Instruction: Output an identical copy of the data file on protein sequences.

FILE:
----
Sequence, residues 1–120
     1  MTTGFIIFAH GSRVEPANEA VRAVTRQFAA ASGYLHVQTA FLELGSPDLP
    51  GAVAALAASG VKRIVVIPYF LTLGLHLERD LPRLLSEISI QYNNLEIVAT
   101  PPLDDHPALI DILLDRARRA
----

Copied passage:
Sequence, residues 1–120
     1  MTTGFIIFAH GSRVEPANEA VRAVTRQFAA ASGYLHVQTA FLELGSPDLP
    51  GAVAALAASG VKRIVVIPYF LTLGLHLERD LPRLLSEISI QYNNLEIVAT
   101  PPLDDHPALI DILLDRARRA